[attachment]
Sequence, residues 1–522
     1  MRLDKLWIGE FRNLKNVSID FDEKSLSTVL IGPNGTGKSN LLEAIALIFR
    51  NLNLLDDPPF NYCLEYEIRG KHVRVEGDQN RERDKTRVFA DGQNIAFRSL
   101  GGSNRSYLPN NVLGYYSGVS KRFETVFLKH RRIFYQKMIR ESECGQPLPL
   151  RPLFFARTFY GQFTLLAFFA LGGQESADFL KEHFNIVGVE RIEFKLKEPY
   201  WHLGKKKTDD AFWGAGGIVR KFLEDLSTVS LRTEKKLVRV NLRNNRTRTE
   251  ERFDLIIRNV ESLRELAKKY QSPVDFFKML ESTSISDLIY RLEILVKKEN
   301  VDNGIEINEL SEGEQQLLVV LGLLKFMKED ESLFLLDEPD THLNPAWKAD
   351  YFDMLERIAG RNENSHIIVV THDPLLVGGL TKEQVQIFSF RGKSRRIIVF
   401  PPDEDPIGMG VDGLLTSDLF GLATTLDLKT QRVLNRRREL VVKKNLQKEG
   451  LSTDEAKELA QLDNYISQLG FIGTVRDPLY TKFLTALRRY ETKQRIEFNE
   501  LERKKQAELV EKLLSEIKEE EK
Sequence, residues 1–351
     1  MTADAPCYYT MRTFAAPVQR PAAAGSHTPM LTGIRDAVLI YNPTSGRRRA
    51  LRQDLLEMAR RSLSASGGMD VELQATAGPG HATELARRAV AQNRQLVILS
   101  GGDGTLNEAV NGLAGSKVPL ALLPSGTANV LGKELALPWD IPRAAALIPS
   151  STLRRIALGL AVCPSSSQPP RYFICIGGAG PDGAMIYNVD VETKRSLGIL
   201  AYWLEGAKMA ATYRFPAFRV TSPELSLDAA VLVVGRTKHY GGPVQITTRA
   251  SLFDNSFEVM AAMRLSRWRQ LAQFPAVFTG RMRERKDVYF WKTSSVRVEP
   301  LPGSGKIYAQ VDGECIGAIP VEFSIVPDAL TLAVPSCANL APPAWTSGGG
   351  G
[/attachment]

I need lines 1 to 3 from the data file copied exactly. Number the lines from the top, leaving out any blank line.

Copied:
Sequence, residues 1–522
     1  MRLDKLWIGE FRNLKNVSID FDEKSLSTVL IGPNGTGKSN LLEAIALIFR
    51  NLNLLDDPPF NYCLEYEIRG KHVRVEGDQN RERDKTRVFA DGQNIAFRSL